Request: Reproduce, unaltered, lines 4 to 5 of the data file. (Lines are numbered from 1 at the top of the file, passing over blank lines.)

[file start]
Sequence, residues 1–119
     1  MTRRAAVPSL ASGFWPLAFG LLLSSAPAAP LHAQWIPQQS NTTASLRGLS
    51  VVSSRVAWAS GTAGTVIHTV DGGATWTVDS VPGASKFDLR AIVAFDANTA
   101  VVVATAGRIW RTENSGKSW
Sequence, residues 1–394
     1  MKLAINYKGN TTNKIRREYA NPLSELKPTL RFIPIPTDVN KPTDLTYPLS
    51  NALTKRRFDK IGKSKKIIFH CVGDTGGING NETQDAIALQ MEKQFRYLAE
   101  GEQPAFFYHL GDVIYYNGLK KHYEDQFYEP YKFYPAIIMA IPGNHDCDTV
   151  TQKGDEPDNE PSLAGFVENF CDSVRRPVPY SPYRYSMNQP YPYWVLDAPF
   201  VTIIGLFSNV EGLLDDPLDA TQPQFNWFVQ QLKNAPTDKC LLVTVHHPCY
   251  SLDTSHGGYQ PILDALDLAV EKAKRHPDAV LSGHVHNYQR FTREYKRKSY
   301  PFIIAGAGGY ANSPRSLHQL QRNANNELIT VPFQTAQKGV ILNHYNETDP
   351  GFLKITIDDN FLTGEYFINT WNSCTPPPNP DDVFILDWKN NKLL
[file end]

   101  VVVATAGRIW RTENSGKSW
Sequence, residues 1–394